Our Wedding Day


I’ve always dreamed of being married outside so this time around I was excited to plan a romantic beach wedding.  I couldn’t wait to say our vows with the sun setting behind the emerald blue waters of the Gulf of Mexico. The week of our wedding that vision came to a squeaky halt when the rains came in and it didn’t stop!

I went back and forth between disappointment and hope.  I finally accepted that Mother Nature can’t be stopped and that I needed to get a grip on my perception of things.  Instead of fighting against the circumstances I decided to embrace the rain and make the best of it!

It would be fun kissing in the rain!  LOL  We could get a picture like the sexy one from the movie Notebook where Allie and Noah kiss in the pouring rain:)

I was about to get blue rain boots and white umbrellas, but my man stopped me!  That was a bit much whimsy for him;)  In my quest to find the silver lining I discovered the superstition that rain on your wedding day is good luck!

Superstitions of rainy wedding days: 
  • It symbolizes cleansing from sadness in your past.
  • When you “tie the knot” on a rainy day is signifies that your marriage will last.  This is because a knot that becomes wet is very hard to untie.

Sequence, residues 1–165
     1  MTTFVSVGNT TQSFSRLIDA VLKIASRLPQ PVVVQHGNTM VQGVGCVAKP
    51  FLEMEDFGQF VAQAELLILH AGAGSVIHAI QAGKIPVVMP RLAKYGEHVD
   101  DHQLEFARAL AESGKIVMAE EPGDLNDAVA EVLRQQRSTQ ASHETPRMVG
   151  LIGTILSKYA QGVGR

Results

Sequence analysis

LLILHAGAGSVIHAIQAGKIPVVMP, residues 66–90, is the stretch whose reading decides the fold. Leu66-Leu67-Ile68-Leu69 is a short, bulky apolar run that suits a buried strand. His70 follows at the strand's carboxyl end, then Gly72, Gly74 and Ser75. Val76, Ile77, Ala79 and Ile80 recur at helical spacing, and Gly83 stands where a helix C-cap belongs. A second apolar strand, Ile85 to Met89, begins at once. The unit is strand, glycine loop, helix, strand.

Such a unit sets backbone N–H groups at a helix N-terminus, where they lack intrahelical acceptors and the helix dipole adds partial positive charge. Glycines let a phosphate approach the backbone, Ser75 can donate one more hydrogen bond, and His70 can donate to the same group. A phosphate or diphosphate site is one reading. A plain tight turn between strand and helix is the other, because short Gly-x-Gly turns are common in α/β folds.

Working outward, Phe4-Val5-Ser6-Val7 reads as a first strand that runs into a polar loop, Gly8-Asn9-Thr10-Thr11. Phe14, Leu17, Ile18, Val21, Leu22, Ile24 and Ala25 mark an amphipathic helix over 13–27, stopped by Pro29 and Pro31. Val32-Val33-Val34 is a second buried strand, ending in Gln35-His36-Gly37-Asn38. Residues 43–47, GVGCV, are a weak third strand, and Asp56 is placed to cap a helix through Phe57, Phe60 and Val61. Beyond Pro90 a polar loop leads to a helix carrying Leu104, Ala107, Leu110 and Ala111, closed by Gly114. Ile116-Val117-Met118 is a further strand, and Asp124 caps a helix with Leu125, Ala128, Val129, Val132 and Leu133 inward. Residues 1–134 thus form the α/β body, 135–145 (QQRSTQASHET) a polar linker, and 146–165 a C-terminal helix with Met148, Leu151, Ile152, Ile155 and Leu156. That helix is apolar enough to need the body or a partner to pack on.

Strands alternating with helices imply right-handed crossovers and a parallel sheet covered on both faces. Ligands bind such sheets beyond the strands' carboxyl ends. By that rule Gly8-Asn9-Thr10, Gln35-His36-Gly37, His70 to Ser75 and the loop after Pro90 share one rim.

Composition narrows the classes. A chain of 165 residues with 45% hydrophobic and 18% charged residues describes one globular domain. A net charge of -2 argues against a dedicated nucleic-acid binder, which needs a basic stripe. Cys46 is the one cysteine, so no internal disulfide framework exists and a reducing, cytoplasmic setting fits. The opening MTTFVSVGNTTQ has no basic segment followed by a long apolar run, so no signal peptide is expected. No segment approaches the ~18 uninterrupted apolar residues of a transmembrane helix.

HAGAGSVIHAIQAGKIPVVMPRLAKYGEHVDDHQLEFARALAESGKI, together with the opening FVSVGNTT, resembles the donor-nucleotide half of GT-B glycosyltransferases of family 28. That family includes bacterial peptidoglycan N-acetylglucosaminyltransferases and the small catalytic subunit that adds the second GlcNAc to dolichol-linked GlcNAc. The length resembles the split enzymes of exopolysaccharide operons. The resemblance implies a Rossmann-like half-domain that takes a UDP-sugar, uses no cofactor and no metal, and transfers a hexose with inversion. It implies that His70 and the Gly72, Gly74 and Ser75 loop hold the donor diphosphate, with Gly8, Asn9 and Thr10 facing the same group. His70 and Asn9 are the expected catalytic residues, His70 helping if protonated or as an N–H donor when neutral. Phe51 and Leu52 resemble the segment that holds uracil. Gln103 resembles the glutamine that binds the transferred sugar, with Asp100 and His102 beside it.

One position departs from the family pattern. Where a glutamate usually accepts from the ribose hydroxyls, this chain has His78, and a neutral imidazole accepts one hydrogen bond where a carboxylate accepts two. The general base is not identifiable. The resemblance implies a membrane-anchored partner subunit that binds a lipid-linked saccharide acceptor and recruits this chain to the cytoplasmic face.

• Rain signifies washing away of bad memories or occurrences.  The gift in this is that you get a completely new, fresh chapter in your life.

Don and I have both been through a lot so these beautiful thoughts resonated with me.

The good news is that we had the luck of the rain without getting rained on!  The hour of our ceremony the rains stopped.😀  It was perfect and all about us.


  When you’re older, you’ve been through things, you’ve made mistakes. So you come into it (a second marriage) still giddy, but wanting it to last.  -Nicole Kidman

Sometimes it takes a heartbreak to shake us awake, at least it did for me.  I have found that everything that I went through makes me appreciate my husband and our life together even more.


In our ceremony our wedding officiant, Ken, had us take a moment to talk about our wishes. We then threw our seashells into the giant wishing well.  Afterwards I got hoisted off my feet and the games were on! LOL


Not exactly the Notebook scene, but we sure did a lot of kissing that day and still do!❤️